Saving England's most threatened species from extinction

Limestone’s Living Legacies

Restoring Cotswold limestone grassland

More than
of Cotswolds unimproved limestone grassland has been lost since the 1930s
The Marsh Fritillary breeds on only
site in Gloucestershire
More than
of England’s Jurassic unimproved limestone grassland is found in the Cotswolds

What is this habitat?

The almost magical beauty of the Cotswolds in spring and summer defies the term “unimproved grassland”. Growing on soil that is based on limestone, these grasslands can be brim-full of wild flowers, butterflies, bees and many more creatures. They are lost when they are “improved” for farming by reseeding and fertilising. Created long ago when humans cleared the forests, this is a fragile haven for species that could not survive without it.

Why is this habitat at risk?

In the 1930s, limestone grassland covered 40% of the Cotswolds area. Now it covers just 1.5% – which is over half of the UK’s total area of this habitat.  Limestone grasslands must be appropriately managed to maintain their special wildlife. They need the right livestock grazing to prevent them becoming overwhelmed by scrub and young woodland, and the fertility of the soil must remain low if the special plants are not to be out-competed and lost.

How we will bring back the Cotswolds limestone grassland

This Back from the Brink project, led by Butterfly Conservation, will work with landowners to restore and manage a network of grassland sites in the Cotswolds. We will provide specialist advice to landowners and train up volunteers to help us monitor the impacts of management on a host of species, including the Red-shanked Carder Bee, the Duke of Burgundy and Marsh Fritillary butterflies, Fly Orchid, Basil Thyme and the rare Greater Horseshoe Bats.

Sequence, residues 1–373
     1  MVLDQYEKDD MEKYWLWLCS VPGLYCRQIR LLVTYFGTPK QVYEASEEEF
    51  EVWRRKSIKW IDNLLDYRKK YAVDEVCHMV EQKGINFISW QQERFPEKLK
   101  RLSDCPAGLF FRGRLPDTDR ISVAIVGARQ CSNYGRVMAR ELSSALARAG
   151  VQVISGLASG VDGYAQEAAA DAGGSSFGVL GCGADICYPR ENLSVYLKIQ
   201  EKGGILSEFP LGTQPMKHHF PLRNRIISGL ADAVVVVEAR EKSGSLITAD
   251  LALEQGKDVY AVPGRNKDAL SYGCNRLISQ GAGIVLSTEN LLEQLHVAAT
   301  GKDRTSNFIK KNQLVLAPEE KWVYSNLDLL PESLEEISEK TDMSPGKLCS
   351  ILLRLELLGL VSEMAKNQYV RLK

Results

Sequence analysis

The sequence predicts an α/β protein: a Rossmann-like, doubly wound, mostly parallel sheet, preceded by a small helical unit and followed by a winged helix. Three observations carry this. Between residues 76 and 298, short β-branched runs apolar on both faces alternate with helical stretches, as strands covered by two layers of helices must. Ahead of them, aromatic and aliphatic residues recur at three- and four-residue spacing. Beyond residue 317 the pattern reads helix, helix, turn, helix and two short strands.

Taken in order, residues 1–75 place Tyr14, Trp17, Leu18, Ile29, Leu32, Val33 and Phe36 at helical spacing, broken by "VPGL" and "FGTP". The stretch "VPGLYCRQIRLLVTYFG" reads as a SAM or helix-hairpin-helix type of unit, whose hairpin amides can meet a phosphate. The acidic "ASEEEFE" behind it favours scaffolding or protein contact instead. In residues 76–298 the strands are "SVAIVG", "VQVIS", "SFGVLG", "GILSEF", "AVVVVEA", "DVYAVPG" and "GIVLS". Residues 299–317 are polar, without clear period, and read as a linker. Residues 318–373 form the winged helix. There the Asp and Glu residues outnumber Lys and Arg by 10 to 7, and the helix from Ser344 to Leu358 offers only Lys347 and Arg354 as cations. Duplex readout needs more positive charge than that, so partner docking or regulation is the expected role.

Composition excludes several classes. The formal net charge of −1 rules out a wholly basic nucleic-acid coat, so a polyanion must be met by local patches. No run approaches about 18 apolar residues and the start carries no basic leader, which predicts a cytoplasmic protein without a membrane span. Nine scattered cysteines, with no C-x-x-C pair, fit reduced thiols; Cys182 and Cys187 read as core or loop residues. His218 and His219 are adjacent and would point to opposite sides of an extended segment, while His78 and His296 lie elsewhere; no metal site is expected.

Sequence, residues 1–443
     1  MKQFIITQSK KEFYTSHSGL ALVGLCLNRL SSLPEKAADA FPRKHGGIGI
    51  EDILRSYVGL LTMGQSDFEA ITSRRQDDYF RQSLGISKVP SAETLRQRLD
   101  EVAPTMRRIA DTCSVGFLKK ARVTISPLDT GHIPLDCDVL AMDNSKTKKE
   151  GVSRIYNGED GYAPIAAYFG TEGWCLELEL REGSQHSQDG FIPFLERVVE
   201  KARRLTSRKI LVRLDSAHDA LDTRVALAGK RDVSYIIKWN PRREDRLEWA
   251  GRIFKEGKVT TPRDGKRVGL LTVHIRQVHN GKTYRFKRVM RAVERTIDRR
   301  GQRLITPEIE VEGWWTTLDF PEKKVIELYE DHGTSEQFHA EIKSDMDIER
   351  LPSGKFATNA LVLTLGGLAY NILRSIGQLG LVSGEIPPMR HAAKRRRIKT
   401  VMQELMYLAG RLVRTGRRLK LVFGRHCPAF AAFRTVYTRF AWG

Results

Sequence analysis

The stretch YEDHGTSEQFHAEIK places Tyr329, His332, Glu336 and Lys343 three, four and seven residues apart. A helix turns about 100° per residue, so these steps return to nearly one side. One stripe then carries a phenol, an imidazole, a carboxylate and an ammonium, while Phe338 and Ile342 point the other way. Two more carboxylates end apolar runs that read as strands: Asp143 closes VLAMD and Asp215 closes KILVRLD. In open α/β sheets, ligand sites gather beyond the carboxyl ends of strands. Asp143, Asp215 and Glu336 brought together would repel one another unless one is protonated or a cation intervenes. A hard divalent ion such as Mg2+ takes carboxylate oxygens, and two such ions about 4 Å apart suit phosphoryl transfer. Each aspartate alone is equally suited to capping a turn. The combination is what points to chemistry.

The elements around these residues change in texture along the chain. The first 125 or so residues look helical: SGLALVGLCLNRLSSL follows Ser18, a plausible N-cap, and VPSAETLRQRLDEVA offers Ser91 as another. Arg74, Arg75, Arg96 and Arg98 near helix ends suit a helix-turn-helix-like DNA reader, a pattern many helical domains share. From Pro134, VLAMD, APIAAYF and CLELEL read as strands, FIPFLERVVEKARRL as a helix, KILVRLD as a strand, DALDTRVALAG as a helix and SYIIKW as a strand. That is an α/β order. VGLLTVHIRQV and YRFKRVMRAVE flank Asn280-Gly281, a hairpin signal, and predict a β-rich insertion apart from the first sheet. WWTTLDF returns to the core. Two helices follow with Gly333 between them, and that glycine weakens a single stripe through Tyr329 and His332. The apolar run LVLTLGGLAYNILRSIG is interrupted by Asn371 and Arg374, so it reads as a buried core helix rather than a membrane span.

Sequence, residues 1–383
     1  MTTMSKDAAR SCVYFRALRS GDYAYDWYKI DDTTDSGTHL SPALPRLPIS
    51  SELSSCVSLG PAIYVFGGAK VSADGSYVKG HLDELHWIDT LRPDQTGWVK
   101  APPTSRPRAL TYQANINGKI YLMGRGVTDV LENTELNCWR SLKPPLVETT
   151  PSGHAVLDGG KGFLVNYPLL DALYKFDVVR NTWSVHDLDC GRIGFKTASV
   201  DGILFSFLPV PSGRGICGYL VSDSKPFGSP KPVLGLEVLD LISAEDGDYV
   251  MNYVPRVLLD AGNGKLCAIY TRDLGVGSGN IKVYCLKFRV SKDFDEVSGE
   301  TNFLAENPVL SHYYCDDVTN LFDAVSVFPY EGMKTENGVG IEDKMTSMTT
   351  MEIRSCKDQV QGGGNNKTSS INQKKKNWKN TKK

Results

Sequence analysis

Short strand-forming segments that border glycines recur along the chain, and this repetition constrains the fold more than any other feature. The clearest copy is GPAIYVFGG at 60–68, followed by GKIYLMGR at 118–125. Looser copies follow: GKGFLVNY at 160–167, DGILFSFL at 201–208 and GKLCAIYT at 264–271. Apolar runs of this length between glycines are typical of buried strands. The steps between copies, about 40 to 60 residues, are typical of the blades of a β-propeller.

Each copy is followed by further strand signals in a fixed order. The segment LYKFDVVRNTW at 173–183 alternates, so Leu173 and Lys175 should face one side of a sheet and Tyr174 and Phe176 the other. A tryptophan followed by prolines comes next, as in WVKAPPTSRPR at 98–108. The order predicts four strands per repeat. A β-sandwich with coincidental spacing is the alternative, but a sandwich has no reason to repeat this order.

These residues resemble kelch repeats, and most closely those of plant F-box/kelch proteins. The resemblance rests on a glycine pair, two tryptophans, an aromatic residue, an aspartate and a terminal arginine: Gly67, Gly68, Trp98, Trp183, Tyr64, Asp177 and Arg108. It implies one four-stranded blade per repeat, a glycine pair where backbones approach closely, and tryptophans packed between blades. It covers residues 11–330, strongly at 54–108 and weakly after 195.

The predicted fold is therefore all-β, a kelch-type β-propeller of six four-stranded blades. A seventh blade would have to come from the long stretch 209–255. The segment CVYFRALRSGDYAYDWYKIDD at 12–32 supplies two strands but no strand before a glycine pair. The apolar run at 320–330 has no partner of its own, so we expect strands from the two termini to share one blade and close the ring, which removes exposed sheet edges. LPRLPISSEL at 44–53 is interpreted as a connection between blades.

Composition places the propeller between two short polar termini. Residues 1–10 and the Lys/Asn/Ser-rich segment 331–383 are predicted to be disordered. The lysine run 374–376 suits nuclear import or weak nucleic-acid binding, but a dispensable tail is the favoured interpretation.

We will reintroduce threatened butterflies and engage with volunteers and local communities to connect them with this precious wild heritage.

What we’re aiming for

By the end of the project, we aim to ensure the recovery and long-term viability of this vulnerable habitat and the species that rely on it. We hope to have enabled communities in the area to understand and appreciate these wonderful grasslands.

How to get involved

Can you help us by getting involved with surveys, or with management for the Cotswolds limestone grasslands? Find out more at our talks, walks and events.

You can get the latest news, and find out about upcoming events, by following the links below.

Duke of Burgundy - Hamearis lucina_Leigh Prevost, Butterfly Conservation
Clustered Bellflower (Campanula glomerata), Rough Bank SSSI, a flower-rich limestone grassland reserve. Gloucestershire, July.
Marsh Fritillary Euphydryas aurinia
Large Blue_Keith Warmington, Butterfly Conservation
Cryptocephalus_primarius5 - 1024
Juniper (Juniperus communis), Painswick Beacon, Gloucestershire. July.


Habitat and survey work in Limestone’s Living Legacies has been targeted at a range of species that will benefit directly from the careful management and restoration of unimproved limestone grassland. These factsheets have been compiled by project staff and colleagues to provide information on their identification, life cycle, status and habitat requirements.

Back from the Brink Innovations Conference Presentation

Species Recovery and Management - Farmland and Bareground

Latest news

Get Involved

Bringing them Back From The Brink

We are working with some of the most endangered species in England. With your help we can do even more to save them.

Project lead

Delivery partners